Whistleblower rule clears divided SEC

WASHINGTON Wed May 25, 2011 7:48pm EDT

U.S. Securities and Exchange Commission Chairman Mary Schapiro testifies before the Senate Banking Committee hearing on oversight of Dodd-Frank Wall Street reform and consumer protection implementation, on Capitol Hill in Washington May 12, 2011. REUTERS/Jonathan Ernst

U.S. Securities and Exchange Commission Chairman Mary Schapiro testifies before the Senate Banking Committee hearing on oversight of Dodd-Frank Wall Street reform and consumer protection implementation, on Capitol Hill in Washington May 12, 2011.

Credit: Reuters/Jonathan Ernst

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WASHINGTON (Reuters) - Corporate whistleblowers could score multi-million-dollar payouts for reporting financial wrongdoing under a new program approved by securities regulators on Wednesday.

A divided Securities and Exchange Commission voted 3-2 to finalize the measure that has grown into one of the most contentious requirements of last year's Dodd-Frank Wall Street overhaul law.

Tipsters would be paid between 10 and 30 percent of sanctions over $1 million for original and useful information.

Companies from Google Inc to JPMorgan Chase & Co have expressed fears the whistleblower rule will undermine internal compliance programs at public companies by encouraging employees to go directly to the SEC.

The rule does not require whistleblowers to first, or simultaneously, report problems internally, as companies had sought.

In a concession to companies, the final SEC version would make a whistleblower still eligible for a reward if he or she reports wrongdoing to the company, and the company, in turn, reports it to the SEC.

A whistleblower can also improve the chances of receiving a higher percentage award by internal reporting, but the rule only protects the whistleblower from retaliation if the employee also reports wrongdoing to the SEC.

Business interests such as the U.S. Chamber of Commerce remain deeply unhappy about the rule and could appeal in court. The SEC had put "trial lawyer profits ahead of effective compliance," the chamber said in a statement.

Rewarding whistleblowers has a long history in the United States.

Last year the U.S. Department of Justice gave former GlaxoSmithKline Plc employee Cheryl Eckard a $96 million reward under the U.S. False Claims Act, a Civil War-era law designed to uncover efforts to defraud government programs.

BREAK THE SILENCE

The SEC rule greatly expands the agency's authority to reward whistleblowers. Prior to Dodd-Frank the SEC could only reward whistleblowers for tips on insider-trading cases.

"Today's rules are intended to the break the silence of those who see a wrong," said SEC Chairman Mary Schapiro.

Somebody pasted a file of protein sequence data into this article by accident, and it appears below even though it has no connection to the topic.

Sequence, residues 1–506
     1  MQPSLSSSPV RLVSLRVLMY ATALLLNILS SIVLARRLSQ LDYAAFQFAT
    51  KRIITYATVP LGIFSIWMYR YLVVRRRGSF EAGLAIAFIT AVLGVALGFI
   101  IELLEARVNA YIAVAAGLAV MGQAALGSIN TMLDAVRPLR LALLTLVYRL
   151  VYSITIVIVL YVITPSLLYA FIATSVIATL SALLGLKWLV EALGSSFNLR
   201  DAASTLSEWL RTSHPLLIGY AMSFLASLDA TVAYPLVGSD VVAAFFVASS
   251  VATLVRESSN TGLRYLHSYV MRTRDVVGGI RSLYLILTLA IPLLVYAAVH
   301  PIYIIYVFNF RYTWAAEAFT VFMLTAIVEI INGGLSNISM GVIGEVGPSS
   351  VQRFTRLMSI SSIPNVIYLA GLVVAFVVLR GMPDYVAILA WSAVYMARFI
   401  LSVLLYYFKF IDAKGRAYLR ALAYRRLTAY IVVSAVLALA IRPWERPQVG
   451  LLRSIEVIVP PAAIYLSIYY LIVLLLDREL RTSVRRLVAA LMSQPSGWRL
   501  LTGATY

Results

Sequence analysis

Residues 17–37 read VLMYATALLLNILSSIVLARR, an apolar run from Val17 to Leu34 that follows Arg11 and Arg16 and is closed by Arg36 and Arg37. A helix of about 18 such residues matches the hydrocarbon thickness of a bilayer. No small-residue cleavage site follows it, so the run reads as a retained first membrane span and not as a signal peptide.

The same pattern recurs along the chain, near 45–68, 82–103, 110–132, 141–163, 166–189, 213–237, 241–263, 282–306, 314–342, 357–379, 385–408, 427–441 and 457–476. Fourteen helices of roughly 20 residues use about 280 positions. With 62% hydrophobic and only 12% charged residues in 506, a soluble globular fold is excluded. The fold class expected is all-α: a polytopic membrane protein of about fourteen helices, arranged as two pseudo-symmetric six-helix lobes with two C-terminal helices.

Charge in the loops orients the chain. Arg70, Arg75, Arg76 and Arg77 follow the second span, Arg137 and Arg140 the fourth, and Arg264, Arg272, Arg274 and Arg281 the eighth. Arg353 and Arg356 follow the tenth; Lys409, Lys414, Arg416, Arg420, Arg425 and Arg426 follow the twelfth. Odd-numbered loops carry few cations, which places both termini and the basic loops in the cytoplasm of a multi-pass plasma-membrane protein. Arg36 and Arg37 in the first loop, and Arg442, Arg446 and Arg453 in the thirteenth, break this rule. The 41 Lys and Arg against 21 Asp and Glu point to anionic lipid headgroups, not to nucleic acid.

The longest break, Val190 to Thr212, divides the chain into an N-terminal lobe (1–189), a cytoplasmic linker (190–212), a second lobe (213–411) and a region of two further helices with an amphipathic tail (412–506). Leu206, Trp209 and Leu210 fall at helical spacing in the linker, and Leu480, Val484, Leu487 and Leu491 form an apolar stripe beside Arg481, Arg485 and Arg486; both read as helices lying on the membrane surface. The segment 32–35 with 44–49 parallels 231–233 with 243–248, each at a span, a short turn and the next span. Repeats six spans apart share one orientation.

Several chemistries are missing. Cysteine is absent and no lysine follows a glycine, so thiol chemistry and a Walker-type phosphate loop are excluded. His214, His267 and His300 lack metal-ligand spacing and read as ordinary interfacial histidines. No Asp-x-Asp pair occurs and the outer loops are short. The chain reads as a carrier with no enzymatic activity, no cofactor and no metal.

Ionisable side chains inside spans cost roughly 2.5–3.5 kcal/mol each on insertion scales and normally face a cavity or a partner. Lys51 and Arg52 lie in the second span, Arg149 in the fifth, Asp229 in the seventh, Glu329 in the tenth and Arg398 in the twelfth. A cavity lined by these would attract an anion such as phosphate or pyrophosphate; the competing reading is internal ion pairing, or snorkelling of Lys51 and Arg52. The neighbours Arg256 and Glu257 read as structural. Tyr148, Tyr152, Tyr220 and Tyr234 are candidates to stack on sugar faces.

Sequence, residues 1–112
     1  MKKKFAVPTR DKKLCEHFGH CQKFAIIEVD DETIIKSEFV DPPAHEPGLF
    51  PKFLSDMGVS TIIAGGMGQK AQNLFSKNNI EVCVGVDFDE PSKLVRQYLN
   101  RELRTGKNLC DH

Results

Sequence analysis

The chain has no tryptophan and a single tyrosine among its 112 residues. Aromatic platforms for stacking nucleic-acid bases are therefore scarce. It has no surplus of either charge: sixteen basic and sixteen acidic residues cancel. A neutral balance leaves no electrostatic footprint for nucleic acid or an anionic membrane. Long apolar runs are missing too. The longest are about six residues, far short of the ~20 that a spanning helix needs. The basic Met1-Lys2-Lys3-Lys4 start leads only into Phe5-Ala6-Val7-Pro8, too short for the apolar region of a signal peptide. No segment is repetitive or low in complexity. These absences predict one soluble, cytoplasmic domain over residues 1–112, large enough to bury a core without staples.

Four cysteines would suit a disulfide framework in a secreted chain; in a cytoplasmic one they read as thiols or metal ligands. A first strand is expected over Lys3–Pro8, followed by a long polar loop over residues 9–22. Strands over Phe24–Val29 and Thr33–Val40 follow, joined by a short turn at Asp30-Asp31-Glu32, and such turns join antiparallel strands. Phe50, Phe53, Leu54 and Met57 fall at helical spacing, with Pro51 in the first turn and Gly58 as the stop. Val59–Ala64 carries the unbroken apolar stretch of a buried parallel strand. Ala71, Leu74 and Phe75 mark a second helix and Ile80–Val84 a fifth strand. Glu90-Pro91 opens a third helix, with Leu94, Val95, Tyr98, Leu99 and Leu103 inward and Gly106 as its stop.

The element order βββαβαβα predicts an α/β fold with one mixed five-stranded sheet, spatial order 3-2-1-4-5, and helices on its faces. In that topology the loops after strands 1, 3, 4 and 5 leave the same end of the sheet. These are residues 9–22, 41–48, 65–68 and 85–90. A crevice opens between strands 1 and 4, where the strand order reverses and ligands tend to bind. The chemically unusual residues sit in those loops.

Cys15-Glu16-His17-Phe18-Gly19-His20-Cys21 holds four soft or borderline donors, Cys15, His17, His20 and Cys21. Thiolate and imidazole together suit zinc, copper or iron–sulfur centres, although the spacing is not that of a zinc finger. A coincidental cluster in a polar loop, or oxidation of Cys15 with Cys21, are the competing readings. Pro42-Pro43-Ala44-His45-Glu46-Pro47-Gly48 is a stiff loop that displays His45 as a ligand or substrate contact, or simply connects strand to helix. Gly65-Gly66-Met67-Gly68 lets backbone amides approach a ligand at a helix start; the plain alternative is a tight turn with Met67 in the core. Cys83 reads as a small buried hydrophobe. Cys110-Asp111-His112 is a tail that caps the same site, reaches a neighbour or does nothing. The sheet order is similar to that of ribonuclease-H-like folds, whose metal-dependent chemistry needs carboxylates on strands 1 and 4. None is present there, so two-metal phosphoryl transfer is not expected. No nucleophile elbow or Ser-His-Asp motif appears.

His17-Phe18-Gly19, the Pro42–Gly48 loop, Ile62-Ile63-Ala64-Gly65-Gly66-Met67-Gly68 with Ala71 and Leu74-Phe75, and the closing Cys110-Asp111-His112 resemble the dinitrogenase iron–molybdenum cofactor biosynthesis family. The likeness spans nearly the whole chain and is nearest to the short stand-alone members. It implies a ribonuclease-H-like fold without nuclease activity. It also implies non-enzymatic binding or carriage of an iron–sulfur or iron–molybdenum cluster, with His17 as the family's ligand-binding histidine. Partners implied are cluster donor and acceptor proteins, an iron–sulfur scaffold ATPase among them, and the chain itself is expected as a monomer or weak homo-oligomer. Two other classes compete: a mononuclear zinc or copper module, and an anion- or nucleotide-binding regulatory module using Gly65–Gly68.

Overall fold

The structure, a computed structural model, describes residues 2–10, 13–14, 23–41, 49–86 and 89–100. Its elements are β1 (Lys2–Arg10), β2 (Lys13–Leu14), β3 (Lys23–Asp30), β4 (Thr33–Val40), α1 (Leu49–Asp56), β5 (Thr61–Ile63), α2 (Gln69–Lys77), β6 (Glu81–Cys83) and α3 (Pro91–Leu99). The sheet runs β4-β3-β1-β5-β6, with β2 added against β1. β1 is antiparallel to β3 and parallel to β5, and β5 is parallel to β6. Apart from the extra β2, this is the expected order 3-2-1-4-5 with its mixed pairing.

She said the final measure struck the correct balance between encouraging whistleblowers to report problems internally when appropriate, while providing the option of heading directly to the SEC.

SEC enforcement chief Robert Khuzami told the SEC's public meeting on Wednesday that the rule was already encouraging people to come forward. People who provided tips after Dodd-Frank was signed into law last July could be eligible for a reward.

The SEC's two Republican commissioners voted against the rule and raised numerous concerns, from its impact on internal compliance to fears it may inundate the SEC with complaints that do not prove to be fruitful.

"It significantly underestimates the negative impact on internal compliance programs and significantly overestimates our capacity to effectively triage and manage whistleblower complaints," said SEC Commissioner Kathleen Casey.

Supporters of the rule, such as the National Whistleblowers Center, lauded the agency for resisting opposition from corporate lobbyists.

The rule is expected to take effect 60 days after it is published in the Federal Register.

The Commodity Futures Trading Commission is working on a similar rule.

(Reporting by Sarah N. Lynch; Editing by Tim Dobbyn)

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Comments (2)
electric38 wrote:
Which of the insider traders will be the first to step up? Or will one of the world’s fastest supercomputers linked to the market, that banksters (by using our saving and checking interest that they didn’t give us) and hedge funds operators now use, be the first to turn themselves in?
How behind the times can our lawmakers get?
Can our FBI show some activity here? Seems like the effects of most of these trades cross state lines.
Sorry to paint such a dark picture but, these crooks are sooo far ahead of the legal curve… and which of our current lawmakers will be seeking employment with these billionaires after they leave office?

May 25, 2011 12:47am EDT  --  Report as abuse
KimoLee wrote:
“Business interests such as the U.S. Chamber of Commerce remain deeply unhappy about the rule and could appeal in court. The SEC had put “trial lawyer profits ahead of effective compliance,” the chamber said in a statement.” What?????? Aren’t SEC attorneys government employees on salary? Working for the SEC must be one of the least appealing legal jobs out there. I imagine that SEC attorneys avoid the complicated big money defendants because fighting them is detrimental to one’s family and and “costs” tons of money. One of those cases could easily bury an attorney in unintelligible paperwork for years! Regardless, I think the SEC has done a super lousy job. And I doubt their attorney’s themselves “profit” much. What Americans need to know is whether their politicians profit personally from companies the SEC is supposed to regulate. I would bet that is the biggest problem.

Jun 01, 2011 9:48am EDT  --  Report as abuse
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